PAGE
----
(BTC Price: $11,450 x 6.25 = $ 71,562.5).

For the sake of this example lets say every worker contributed the exact amount of processing power. That would net each user $4.55 or 0.00039 BTC for every block they mined.

BTC Price divided by 15,700 users: ($71,562.5/15,700 = $4.55).

Block Reward (6.25 BTC) divided by 15,700 workers: (6.25/15700 = 0.00039 BTC)

This 15,700 strong mining pool would now earn it’s users a little under $5 for every block they solved, if their resources were pooled equally. This is half than the rounded off amount of $10 from the previous example.

Miners will be more likely to sell their Bitcoins at higher prices due to the reduced block reward.

How the halving will affect Bitcoins price

After the halving, miners who don’t find it profitable to mine anymore will give up. Most miners will continue to mine and will only sell their bitcoins at a profitable rate, thus increasing Bitcoins asking price.

If we look at previous halvings, we can see how Bitcoin’s price was affected.

The First Halving

The first halving occurred on November 28th 2012 when one BTC was worth around $11. A year later, bitcoins price surged to a mouth watering $1,100 in 2013, a price never before seen with Bitcoin.

It had only been one year since the halving and Bitcoin had grown 100x.

Bitcoins price eventually fell to around $220 and it remained below $1,000 for the next few years. Even at its bottom Bitcoin was still up 20x from it’s price before the halving.

The Second Halving

The second halving took place in July 2016. Bitcoin maintained a price of around $600–$700 before flying to $20,000 in the great bullrun of 2017.

Bitcoin had grown over 33x from it’s price before the second halving and over 1,818x from its price before the first halving.

The table below shows the exact Bitcoin prices before and after every halving.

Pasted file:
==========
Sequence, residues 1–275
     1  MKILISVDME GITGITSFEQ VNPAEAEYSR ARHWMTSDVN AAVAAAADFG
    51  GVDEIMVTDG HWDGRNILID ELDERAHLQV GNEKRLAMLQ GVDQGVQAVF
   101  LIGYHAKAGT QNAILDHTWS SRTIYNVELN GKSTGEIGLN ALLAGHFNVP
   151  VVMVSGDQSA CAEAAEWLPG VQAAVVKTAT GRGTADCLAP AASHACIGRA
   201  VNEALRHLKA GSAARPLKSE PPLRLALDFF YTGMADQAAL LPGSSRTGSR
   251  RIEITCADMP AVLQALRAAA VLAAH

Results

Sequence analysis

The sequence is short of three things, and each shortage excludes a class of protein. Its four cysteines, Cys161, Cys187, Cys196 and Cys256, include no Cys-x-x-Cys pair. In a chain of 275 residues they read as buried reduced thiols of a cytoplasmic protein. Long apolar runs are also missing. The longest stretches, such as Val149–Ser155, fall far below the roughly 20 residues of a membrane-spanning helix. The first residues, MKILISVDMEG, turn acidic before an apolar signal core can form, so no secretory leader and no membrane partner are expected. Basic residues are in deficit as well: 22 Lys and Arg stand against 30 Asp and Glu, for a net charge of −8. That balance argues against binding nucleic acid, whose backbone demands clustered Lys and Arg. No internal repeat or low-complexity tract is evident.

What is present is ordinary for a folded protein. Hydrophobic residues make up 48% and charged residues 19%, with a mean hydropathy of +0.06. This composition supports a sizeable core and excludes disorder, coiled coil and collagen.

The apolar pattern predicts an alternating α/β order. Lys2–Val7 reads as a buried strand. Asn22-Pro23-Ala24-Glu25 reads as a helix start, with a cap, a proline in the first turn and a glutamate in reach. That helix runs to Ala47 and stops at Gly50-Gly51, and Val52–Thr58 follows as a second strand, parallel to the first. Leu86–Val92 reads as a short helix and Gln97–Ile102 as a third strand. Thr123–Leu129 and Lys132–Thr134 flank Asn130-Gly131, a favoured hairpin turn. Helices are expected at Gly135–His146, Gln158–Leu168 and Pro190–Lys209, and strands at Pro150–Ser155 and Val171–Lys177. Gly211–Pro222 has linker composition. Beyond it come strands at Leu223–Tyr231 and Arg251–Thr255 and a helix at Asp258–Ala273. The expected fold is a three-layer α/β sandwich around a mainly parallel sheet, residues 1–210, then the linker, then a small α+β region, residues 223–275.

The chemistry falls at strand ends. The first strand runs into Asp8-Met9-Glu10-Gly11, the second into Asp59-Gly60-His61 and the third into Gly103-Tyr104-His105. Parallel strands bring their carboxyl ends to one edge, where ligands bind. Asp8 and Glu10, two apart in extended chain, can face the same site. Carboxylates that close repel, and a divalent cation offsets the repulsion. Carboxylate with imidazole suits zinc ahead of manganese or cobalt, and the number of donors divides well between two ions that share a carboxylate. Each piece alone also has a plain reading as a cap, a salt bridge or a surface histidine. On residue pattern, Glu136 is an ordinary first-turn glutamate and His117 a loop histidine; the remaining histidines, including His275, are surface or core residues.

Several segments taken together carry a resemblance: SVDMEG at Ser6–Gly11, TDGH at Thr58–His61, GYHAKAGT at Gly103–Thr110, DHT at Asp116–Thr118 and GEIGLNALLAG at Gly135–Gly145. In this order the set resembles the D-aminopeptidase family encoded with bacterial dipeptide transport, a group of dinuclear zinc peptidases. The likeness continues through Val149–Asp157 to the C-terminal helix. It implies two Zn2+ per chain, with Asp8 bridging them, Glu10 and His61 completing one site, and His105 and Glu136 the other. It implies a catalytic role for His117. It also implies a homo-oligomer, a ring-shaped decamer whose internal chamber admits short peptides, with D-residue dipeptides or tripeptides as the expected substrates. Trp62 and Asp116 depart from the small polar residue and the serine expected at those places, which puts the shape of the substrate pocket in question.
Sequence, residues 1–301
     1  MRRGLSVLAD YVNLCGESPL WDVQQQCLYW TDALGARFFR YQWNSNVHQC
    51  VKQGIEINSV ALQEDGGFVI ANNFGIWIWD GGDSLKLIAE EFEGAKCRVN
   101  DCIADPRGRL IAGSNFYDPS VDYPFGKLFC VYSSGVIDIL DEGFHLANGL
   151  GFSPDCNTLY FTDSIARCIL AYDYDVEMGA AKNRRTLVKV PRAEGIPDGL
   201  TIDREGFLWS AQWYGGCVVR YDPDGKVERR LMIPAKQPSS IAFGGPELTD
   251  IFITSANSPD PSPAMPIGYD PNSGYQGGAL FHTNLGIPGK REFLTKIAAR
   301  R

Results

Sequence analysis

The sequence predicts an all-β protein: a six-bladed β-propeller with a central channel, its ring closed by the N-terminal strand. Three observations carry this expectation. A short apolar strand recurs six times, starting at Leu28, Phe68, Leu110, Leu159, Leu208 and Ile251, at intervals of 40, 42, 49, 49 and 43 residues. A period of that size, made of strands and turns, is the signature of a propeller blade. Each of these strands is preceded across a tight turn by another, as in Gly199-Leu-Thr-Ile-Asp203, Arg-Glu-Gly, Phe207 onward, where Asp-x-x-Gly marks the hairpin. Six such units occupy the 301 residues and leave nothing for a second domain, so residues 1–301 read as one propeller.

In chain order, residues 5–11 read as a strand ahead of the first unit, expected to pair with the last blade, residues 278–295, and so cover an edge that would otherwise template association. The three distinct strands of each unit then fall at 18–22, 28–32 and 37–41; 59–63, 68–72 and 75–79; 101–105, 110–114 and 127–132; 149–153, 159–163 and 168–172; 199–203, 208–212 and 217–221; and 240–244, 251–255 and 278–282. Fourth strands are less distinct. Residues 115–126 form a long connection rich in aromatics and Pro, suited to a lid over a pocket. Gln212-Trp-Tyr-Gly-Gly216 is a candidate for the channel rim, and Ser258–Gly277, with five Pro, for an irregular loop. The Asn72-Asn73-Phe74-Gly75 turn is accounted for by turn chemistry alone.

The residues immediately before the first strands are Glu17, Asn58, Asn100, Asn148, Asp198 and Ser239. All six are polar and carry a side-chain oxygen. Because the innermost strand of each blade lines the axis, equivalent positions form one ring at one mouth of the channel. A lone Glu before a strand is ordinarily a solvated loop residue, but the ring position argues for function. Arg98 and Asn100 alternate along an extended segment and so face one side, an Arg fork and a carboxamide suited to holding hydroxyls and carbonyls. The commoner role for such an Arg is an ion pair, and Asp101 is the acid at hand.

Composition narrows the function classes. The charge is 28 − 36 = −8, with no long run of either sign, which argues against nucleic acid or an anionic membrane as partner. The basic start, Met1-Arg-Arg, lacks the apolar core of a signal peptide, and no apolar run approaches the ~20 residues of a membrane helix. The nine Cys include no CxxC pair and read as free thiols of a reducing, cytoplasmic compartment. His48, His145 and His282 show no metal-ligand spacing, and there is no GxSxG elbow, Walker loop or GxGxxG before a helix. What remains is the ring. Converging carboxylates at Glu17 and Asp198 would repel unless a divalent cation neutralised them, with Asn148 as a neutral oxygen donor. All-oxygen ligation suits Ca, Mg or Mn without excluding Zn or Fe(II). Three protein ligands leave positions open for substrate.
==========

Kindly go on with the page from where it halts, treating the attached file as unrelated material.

The Third Halving and what to expect

With the next halving only around 10 months away, what can we expect to happen to Bitcoins price?

I believe that it will follow previous trends by reaching a new all-time-high a year after. Bitcoin could likely hit a 10x from it’s price before the halving, so $100k looks possible to me.

Kraken CEO, Jesse Powell seems to be optimistic about Bitcoin reaching $100k after the halving. He believes Bitcoin will reach either a $100k or $1m price tag.

“When I hear people talking about a bitcoin “correction” I’m thinking $100k, maybe $1m. That’s what’s correct. “

When I hear people talking about a bitcoin "correction" I'm thinking $100k, maybe $1m. That's what's correct.

 — @jespow

Anthony “Pomp” Pompliano, co-founder of Morgan Creek Digital Assets, also believes that Bitcoin could reach $100,000 by 2021.

“Supply-Demand economics remain valid,” said Pomp. “They are a great way to determine the market price. So, if the demand for a fixed-supply asset increases, we continue to see price appreciation.”

Pomp continued to say, “one of the largest drivers of that demand or increase in scarcity is the halving in may 2020 which i think is going to be a big moment.”

You can see Pomp’s prediction in the tweet below:

Bitcoin surpassing $10,000 got people talking... Bitcoin hitting $100,000 would get the world talking. @APompliano has a $100K price prediction for 1 BTC by the end of year 2021 🚀 Do you agree? @BloxliveTV clip: https://t.co/gIJEzAloNK https://t.co/94d6peg0z5

 — @Jessicaw_tv

Pomp & Jesse’s predictions of a $100k Bitcoin by 2021 don’t seem far fetched to me, it is only 5x from Bitcoin’s previous ATH of $20,000.

However we will have to wait and see how the crypto market responds after the halving.

Bookmark this story and check again in 2021 to see if Bitcoin hits the $100k mark. 📑

Increased public awareness could also lead to a wave of FOMO buying which could push BTC’s price higher.

Third Generation and Web 3.0 blockchains will cause increased interest in cryptocurrencies. This could then translate into wealth being transferred many different altcoins.

We will most likely see a massive rise in the value of bitcoin a year after the 2020 halving. Other cryptocurrencies will soon follow, crossing their previous all time highs.

Bonus: The Litecoin Halving will happen on August 7th, 2019, that’s less than 28 days from now. The block reward will reduce from 25 LTC to 12.5 LTC.

I can’t wait to see how these events will play out…

I hope you enjoyed this story, feel free to check out the useful resources below:

You can buy Bitcoin, Ethereum, XRP/Ripple, Litecoin, Bitcoin Cash, Dash, Stellar/XLM and more from anywhere in the world using CEX

You can buy Bitcoin, Ethereum, Litecoin, Cardano, NEO, BAT, IOTA, Stellar/XLM, EOS, TRON/TRX, Bitcoin Cash, Tezos, Monero, and many more from anywhere in Europe using BitPanda.

If you hold a decent amount of cryptocurrency check out these encrypted Ledger Wallets.

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Will Bitcoin skyrocket after the 2020 Halving like in 2016? was originally published in HackerNoon.com on Medium, where people are continuing the conversation by highlighting and responding to this story.